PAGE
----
When there is a single continuous auxiliary variable, it is often reasonable to assume a simple linear regression model relating this variable to the variable of interest. This chapter describes the use of regression population models in sample surveys. Proportional models, where the intercept is assumed to be zero, have a long history in survey sampling and are discussed first. Empirical best and best linear unbiased predictors are derived. The ratio model is a special case of the proportional model, and this leads to the well known ratio estimator. Models with intercepts are then discussed, including best estimators of totals. Sample designs are developed. Under the ratio model, the optimal design is to select only the units with the largest values of the auxiliary variable. However this would not be robust to departures from the ratio model. The problem of robust design is discussed in Chapter 8. Optimal design is also discussed for the linear model with intercept. The combination of regression and stratification is discussed. It is possible to assume the same regression or ratio relationship in every stratum, or to allow different coefficients in each stratum. Data from an agriculture survey are used to illustrate this choice.Less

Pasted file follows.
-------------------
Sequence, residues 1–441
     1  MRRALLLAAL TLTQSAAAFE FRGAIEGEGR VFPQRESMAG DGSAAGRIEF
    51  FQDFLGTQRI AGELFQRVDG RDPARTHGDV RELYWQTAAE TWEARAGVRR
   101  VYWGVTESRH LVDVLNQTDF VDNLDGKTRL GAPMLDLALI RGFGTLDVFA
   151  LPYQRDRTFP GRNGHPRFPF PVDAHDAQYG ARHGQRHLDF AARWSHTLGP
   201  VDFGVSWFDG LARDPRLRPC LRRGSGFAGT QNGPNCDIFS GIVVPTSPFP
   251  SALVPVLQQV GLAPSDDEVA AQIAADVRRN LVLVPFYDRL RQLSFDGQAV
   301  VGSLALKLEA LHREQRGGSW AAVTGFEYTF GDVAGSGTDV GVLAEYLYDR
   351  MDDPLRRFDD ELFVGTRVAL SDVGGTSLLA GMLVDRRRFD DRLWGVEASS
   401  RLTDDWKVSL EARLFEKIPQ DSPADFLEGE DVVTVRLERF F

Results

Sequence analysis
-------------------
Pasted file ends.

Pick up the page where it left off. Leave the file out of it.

When there is a single continuous auxiliary variable, it is often reasonable to assume a simple linear regression model relating this variable to the variable of interest. This chapter describes the use of regression population models in sample surveys. Proportional models, where the intercept is assumed to be zero, have a long history in survey sampling and are discussed first. Empirical best and best linear unbiased predictors are derived. The ratio model is a special case of the proportional model, and this leads to the well known ratio estimator. Models with intercepts are then discussed, including best estimators of totals. Sample designs are developed. Under the ratio model, the optimal design is to select only the units with the largest values of the auxiliary variable. However this would not be robust to departures from the ratio model. The problem of robust design is discussed in Chapter 8. Optimal design is also discussed for the linear model with intercept. The combination of regression and stratification is discussed. It is possible to assume the same regression or ratio relationship in every stratum, or to allow different coefficients in each stratum. Data from an agriculture survey are used to illustrate this choice.